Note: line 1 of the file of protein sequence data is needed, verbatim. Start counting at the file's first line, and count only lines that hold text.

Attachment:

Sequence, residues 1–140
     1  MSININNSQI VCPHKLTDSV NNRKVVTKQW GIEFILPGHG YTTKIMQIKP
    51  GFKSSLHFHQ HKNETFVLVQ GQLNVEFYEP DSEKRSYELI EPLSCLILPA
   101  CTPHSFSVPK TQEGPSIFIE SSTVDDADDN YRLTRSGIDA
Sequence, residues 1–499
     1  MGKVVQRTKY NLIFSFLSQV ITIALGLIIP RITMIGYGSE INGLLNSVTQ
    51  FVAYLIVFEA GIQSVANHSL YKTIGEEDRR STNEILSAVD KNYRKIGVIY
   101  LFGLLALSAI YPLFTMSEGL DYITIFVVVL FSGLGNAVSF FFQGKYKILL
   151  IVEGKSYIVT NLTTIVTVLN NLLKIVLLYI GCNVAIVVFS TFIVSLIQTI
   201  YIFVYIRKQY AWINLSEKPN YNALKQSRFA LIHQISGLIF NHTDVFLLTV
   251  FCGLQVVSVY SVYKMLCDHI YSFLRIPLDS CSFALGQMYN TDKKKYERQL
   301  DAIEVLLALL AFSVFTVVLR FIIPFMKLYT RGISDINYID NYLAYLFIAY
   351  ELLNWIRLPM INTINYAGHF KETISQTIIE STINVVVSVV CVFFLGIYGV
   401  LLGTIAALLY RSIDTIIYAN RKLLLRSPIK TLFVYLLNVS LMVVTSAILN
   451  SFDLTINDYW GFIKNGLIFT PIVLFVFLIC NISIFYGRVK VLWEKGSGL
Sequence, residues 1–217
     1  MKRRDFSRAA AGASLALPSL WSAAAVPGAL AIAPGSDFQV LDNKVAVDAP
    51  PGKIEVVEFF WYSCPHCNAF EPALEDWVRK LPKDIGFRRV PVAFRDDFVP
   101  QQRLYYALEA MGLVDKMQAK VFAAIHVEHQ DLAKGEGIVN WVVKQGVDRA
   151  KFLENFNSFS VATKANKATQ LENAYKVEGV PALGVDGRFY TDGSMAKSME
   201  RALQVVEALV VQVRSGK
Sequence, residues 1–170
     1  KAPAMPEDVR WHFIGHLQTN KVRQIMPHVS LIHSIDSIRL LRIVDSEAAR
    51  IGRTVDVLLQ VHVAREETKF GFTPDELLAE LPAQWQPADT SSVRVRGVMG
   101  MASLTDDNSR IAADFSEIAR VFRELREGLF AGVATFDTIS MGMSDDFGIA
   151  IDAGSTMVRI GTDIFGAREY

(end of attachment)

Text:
Sequence, residues 1–140